From: Ben Goertzel (firstname.lastname@example.org)
Date: Tue May 01 2001 - 18:30:30 MDT
> Thanks Ben, for making it available.
No worries mate --
I eagerly await your detailed comments on various tricky points ;>
> As to the NDA: I would estimate that about 65-75% of the material
> is already
> available online, anyway. The additional, more detailed protected
> information is certainly very useful. How much of a risk/ limitation this
> NDA represents has to be a personal decision. In my judgment:
> quite minimal
> (much is already in the public domain, you are unlikely to copy
> portions of the design, a lot of crucial detail is excluded,
Yeah, the book does not include code-level detail, and only gives bits and
pieces of object structure. There's an additional roughly 10,000 pages of
documents containing all this, which will be made accessible only to people
who are actually working on the system.
The book tries to outline the **conceptual** design of the system -- how it
works as a complex system, and the general software architecture used to
implement this complex system..
Personally, I would like to publish this book, but whether this can happen
depends on others besides myself... i.e. those involved with whatever
successor businesses to Webmind Inc. emerge.
Another comment -- I definitely don't believe this is the ONLY way to create
real AI. I just believe it's A way. There might be better ways, I just
haven't found any. I think it's very possible that deep
technical/conceptual dialogue with a bunch of you folks could lead to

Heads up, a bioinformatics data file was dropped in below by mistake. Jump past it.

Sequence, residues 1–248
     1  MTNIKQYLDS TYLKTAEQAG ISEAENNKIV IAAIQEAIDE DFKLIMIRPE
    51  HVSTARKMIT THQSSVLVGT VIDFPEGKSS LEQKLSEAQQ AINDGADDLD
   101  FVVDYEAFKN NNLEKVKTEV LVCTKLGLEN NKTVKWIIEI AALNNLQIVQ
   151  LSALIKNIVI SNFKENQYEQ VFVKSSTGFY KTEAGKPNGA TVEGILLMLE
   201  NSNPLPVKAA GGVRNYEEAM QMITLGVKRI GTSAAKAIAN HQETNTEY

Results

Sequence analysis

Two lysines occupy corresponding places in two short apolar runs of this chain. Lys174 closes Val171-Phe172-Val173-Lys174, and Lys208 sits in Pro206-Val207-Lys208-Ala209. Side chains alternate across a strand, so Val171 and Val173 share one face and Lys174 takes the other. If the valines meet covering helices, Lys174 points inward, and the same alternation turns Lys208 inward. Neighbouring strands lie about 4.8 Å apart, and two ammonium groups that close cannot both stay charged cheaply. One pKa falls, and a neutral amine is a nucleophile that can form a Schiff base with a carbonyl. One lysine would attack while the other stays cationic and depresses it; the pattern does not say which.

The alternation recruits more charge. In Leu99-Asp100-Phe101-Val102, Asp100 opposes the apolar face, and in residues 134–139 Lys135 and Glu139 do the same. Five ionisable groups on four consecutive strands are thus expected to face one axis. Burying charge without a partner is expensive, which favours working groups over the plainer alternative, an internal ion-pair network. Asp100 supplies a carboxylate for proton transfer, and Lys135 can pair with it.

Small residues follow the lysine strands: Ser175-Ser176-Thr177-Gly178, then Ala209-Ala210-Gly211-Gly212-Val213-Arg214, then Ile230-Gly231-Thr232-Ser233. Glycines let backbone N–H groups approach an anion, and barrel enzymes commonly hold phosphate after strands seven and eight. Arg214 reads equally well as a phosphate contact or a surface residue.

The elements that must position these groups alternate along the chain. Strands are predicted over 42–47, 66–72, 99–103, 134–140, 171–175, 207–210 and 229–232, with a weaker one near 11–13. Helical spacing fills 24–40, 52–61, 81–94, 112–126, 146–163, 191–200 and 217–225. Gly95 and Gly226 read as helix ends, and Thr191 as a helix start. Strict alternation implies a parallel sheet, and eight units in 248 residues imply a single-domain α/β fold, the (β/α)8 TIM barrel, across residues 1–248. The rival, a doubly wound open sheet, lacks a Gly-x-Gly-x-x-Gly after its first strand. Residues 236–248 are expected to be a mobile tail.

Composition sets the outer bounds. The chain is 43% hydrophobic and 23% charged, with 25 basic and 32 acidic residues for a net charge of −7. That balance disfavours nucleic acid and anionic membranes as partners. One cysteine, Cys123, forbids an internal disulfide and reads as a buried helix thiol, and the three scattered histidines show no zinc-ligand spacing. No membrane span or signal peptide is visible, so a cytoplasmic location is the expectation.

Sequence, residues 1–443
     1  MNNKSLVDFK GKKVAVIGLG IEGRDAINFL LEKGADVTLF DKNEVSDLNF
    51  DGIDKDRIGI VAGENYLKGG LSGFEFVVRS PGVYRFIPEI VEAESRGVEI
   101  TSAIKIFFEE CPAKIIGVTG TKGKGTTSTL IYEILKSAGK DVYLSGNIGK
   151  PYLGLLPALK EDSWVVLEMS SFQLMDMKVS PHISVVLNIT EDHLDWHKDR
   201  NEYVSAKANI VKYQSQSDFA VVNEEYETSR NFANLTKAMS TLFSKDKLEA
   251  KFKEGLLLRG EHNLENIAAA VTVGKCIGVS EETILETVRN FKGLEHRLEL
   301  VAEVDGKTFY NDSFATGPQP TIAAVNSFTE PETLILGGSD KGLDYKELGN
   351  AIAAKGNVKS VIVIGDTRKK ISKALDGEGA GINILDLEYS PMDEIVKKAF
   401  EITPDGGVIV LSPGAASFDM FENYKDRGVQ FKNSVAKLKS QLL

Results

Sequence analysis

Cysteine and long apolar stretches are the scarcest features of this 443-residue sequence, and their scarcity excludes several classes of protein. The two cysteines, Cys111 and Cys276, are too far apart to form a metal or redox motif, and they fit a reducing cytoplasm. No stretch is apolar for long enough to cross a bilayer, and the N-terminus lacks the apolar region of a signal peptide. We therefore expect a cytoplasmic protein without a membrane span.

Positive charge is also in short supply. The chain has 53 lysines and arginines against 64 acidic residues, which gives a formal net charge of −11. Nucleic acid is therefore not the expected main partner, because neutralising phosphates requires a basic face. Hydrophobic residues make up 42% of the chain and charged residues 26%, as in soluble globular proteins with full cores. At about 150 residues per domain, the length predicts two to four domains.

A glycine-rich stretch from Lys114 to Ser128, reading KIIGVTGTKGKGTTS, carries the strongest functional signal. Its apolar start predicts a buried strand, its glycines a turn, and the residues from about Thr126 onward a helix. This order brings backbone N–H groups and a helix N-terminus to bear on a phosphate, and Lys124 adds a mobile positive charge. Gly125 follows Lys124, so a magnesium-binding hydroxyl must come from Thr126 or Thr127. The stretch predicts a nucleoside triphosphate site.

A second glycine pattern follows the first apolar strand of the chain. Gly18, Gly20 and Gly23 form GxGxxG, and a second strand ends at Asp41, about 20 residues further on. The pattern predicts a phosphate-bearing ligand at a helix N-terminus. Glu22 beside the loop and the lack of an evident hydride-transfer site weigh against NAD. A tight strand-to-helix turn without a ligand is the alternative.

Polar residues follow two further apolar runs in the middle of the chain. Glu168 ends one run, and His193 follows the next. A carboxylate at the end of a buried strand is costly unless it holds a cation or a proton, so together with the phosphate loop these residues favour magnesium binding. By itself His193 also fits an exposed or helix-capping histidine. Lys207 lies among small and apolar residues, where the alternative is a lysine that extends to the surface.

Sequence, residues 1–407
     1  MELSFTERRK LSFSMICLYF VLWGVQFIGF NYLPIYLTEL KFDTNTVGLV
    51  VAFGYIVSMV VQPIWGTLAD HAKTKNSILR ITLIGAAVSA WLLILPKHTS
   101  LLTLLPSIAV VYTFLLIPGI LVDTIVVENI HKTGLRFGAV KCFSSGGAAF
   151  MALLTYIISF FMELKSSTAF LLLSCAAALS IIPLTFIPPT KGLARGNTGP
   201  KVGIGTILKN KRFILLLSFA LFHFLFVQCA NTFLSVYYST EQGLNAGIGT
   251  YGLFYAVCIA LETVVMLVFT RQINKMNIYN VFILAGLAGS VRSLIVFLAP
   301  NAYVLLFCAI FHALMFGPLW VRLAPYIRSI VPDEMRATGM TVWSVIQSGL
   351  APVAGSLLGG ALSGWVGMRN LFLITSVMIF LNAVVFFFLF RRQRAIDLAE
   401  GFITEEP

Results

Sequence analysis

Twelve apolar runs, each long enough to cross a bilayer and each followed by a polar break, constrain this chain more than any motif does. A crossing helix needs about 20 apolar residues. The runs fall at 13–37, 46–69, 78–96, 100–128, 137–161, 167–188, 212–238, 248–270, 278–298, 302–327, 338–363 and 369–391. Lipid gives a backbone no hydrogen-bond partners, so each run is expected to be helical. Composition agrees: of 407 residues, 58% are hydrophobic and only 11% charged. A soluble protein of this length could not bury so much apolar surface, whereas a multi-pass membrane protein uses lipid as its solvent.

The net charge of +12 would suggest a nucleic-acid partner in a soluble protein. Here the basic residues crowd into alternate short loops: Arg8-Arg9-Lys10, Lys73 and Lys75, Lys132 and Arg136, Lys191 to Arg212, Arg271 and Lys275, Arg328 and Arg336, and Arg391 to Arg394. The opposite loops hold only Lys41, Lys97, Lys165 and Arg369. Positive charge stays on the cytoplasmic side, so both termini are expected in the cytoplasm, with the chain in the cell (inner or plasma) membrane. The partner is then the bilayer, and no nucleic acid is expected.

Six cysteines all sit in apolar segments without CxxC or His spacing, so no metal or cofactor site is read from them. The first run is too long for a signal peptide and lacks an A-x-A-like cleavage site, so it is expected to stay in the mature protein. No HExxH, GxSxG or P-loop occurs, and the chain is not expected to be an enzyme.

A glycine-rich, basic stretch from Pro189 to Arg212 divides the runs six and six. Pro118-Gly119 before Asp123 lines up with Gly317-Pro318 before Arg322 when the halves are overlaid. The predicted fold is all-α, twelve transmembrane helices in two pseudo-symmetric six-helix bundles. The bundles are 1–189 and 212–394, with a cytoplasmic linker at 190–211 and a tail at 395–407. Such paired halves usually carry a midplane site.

changes to the design -- tweaks or even substantial changes.
[This paragraph is mostly for Peter]
There are some moderately major parts of the design that I'm not in love
with, but they seem workable and I couldn't find workarounds. For instance,
I don't like VariableNodes and explicit variable unification. HOI is too
logic-y for my taste. I'd rather get that to emerge in a more subsymbolic
kind of way. But we couldn't figure out how to do this, after very much
effort, and we couldn't identify any serious a priori problems with the
current approach. (Pei Wang thought of the current approach, and he likes
it of course). Another example: I don't really like having context
formation use its own data mining algorithm instead of a more
general-intelligence approach. But, the folks working on that pointed out
that using the specialized approach they advocate will be much more
efficient and doesn't really lose you anything in real use cases they
analyzed. So.... In this manner, a lot of the questionable design points
came out of a lot of thinking and analysis that unfortunately isn't fully
recorded in the book, but that will be drawn out when we talk about the
stuff. I think my own intuition is closer to yours than the actual WM
design, because in building the WM AI Engine, when I couldn't come up with a
perfectly elegant and intuitive way to do something, we just invented
something that seemed to work. The balance between engineering and
My idea is, rather than getting a design that I think is PERFECT, to get a
design that I think is workable, and implement it, and then learn about its
benefits and shortcomings through experimentation.
One thing I can tell you from experience is how VERY VERY MUCH effort it
takes to go from an intuitive conceptual design for a real AI, to a detailed
design suitable for implementation. Whoa!
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